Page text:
Jo Jakeman was born in Cyprus and worked for many years in the City of London. She was the 2016 winner of the prestigious Friday Night Live Award at York Festival of Writing where she was also shortlisted for Best Opening Chapter.
Jo is now based in Derbyshire. Following the completion of a creative writing course from Curtis Brown Creative, her first novel Sticks and Stones was published earlier this month.
1. Who were your literary influences and heroes as you were growing up?
Before I discovered the local library, I was limited to reading the books my parents had around the house. I grew up on a diet of classics. I adored Pride and Prejudice by Jane Austen, The Secret Garden by Frances Hodgson Burnett, and Little Women by Louisa May Alcott. I liked to think of myself as Jo from Little Women and Jo’s Boys. Like her, I considered myself a tomboy and would-be writer.
On the other side of the bookcase were horror novels by the likes of Stephen King which taught me the power of suspense and that drive to read ‘just one more chapter’.
2. Where did your inspiration for Sticks and Stones come from?
I took a creative writing course with Curtis Brown Creative. I was re-reading Charlotte Brontë’s Jane Eyre at the time and was talking to my course tutor about the type of men women fall for in classic novels, and that’s when the characters started to come to life.
It’s no accident that the antagonist in Sticks and Stones is called Rochester – the name of the man who Jane fell in love with and who locked his ‘mad’ wife in the attic. I turned that classic on its head so the wife, Imogen, locks her husband in the cellar. From there I wondered what Phillip Rochester would have to do to make a woman like Imogen do something so against her nature, and the picture of Phillip as an abusive man took shape.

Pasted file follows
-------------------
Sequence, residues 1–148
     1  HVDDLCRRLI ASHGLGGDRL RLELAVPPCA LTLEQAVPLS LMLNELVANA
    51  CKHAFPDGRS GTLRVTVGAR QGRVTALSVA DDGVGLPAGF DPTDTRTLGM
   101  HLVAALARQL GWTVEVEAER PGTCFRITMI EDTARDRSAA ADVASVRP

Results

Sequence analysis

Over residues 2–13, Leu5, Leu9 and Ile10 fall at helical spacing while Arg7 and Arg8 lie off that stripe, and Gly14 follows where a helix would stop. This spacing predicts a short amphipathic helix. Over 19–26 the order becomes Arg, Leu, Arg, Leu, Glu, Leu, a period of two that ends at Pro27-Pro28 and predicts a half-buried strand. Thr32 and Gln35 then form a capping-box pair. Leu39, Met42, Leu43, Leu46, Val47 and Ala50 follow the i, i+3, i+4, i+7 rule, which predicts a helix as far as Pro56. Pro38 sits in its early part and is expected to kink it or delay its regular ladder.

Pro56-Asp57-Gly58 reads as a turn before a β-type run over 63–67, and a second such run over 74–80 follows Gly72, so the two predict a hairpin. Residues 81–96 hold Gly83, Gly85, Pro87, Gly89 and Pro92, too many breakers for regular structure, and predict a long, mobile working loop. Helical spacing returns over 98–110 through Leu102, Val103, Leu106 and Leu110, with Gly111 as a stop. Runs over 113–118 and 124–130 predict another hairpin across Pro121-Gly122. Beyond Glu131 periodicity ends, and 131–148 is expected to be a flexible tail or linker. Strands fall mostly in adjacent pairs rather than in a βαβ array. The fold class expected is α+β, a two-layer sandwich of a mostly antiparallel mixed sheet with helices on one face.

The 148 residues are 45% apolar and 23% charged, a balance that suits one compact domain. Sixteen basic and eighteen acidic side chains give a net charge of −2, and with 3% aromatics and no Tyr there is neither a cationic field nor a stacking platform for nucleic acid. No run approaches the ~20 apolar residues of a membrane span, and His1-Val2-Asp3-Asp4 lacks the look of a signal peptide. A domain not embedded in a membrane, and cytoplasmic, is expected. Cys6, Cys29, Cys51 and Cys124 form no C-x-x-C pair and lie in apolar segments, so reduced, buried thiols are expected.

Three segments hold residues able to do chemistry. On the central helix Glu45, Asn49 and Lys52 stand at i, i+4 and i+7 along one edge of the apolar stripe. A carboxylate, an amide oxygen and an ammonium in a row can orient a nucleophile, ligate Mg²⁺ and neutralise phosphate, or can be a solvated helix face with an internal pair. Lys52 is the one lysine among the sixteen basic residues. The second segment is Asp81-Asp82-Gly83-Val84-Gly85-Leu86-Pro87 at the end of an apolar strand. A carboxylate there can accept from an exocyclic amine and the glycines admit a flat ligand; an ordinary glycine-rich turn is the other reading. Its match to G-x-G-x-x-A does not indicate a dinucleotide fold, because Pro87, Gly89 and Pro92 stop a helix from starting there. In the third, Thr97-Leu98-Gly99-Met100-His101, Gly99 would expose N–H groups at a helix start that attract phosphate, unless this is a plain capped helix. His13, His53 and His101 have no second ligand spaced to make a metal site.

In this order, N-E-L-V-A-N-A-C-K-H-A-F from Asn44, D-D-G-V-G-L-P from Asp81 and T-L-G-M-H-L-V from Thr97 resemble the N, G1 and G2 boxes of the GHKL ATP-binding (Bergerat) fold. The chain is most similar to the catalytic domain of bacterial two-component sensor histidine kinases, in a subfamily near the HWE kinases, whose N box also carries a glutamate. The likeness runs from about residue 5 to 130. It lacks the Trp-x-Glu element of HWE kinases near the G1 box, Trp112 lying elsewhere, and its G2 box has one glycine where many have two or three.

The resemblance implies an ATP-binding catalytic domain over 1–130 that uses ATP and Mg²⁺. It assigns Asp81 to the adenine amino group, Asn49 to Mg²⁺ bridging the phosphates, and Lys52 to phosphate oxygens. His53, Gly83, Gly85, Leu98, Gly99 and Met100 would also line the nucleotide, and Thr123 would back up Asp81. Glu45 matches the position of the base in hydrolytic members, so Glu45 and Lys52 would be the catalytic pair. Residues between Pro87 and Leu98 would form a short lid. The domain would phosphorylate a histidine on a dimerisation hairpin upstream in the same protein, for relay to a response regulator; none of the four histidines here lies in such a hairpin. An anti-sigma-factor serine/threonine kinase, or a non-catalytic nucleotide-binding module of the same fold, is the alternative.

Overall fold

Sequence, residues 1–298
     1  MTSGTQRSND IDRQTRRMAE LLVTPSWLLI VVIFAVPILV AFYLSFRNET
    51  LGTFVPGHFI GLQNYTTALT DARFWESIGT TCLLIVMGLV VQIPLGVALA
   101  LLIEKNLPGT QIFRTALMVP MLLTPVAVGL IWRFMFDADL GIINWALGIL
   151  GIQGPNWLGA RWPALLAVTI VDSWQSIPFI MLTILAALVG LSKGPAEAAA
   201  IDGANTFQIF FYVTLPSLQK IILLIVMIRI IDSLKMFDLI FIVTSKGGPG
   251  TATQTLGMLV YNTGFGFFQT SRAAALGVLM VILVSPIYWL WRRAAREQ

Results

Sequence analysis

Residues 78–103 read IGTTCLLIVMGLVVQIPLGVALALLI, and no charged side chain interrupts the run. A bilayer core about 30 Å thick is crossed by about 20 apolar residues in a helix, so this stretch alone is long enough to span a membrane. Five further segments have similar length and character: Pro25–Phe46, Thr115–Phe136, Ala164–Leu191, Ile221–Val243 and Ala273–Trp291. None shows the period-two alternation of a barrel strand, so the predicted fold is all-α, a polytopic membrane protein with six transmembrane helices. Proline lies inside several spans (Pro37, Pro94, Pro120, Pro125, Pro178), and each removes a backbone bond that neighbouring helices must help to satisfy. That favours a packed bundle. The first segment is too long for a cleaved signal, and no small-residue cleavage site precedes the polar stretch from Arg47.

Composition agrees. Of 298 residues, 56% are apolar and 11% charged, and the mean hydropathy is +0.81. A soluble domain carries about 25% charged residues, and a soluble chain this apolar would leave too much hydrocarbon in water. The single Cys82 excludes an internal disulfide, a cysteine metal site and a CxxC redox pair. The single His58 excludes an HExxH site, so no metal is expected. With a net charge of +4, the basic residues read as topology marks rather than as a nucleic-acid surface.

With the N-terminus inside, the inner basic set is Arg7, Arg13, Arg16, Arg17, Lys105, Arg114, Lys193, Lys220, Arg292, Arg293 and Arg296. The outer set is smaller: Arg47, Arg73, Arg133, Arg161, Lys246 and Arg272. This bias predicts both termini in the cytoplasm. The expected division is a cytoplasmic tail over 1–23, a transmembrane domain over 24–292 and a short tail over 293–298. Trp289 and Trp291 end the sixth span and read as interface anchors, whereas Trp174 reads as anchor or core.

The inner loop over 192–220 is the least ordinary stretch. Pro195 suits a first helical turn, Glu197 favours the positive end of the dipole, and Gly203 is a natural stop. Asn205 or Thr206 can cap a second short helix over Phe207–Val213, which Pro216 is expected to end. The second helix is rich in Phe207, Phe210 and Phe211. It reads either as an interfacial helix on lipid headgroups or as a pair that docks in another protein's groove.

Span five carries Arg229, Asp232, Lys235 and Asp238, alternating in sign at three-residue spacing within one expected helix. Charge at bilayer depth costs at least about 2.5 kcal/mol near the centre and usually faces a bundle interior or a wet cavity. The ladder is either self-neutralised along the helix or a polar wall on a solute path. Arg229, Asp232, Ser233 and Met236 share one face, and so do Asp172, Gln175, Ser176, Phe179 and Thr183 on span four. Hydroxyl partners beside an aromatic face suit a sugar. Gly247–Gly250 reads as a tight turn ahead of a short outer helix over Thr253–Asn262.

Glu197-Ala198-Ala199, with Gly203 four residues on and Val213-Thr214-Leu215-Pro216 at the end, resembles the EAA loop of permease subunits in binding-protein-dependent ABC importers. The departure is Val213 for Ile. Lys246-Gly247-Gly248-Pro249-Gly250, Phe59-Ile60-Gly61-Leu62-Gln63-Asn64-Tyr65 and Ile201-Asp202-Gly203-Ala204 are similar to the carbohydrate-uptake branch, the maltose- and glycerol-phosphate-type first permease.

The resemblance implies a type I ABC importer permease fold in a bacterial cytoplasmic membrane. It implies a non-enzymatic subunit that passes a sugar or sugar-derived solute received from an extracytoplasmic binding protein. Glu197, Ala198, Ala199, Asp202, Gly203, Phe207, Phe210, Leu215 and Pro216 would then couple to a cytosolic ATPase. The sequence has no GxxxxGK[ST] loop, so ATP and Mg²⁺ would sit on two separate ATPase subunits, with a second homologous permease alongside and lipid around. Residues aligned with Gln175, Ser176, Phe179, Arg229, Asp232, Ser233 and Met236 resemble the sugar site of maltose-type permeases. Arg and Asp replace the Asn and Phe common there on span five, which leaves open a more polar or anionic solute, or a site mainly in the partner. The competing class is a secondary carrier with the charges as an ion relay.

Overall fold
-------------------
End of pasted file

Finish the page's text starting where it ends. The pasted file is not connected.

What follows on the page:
3. At what stage did you feel you had Imogen’s ‘voice’?
The characters took shape before the story did. I had a clear picture of all of the women in the book and how different they were to each other, but Imogen’s voice didn’t sound real to me until I’d finalised the plot and understood what she’d lived through and how she would react to threatening situations.
4. Is there anything you can tell us about your current work in progress?
My next book is about a woman who has been recently released from prison. She starts a new life with a new identity but, as we all know, the past has a nasty habit of popping up when we least want it to.
It’s about forgiveness, and whether we really believe that people have served their time once they come out of prison, or does that sentence continue long afterwards? It’s due for release summer 2019.
5. What is on your ‘to read’ list at the moment?
I am currently listening to The Seven Deaths of Evelyn Hardcastle by Stuart Turton on audiobook, while also reading Three Little Lies by Laura Marshall. Next on the list is Jane Harper’s new book Force of Nature because her debut, The Dry, was one of my favourite reads of 2017.
6. Do you have a message for your readers in Suffolk Libraries?
I’d like to say a huge ‘thank you’! The idea that someone is taking the time to request and read my book is overwhelming, especially as I relied on libraries as a child and would spend many happy hours there. I am thrilled that my book will be available to people using the libraries in Suffolk.
7. Can you tell us one thing your readers may not know about you?
If only I had a secret life as a lion-tamer to tell you about! Alas, I’ll have to leave you with this - My husband and I purchased our first house together on Channel 4’s Location, Location, Location with Kirsty and Phil. It’s still in the archives somewhere and I was wearing a terrible pink jumper that haunts me to this day.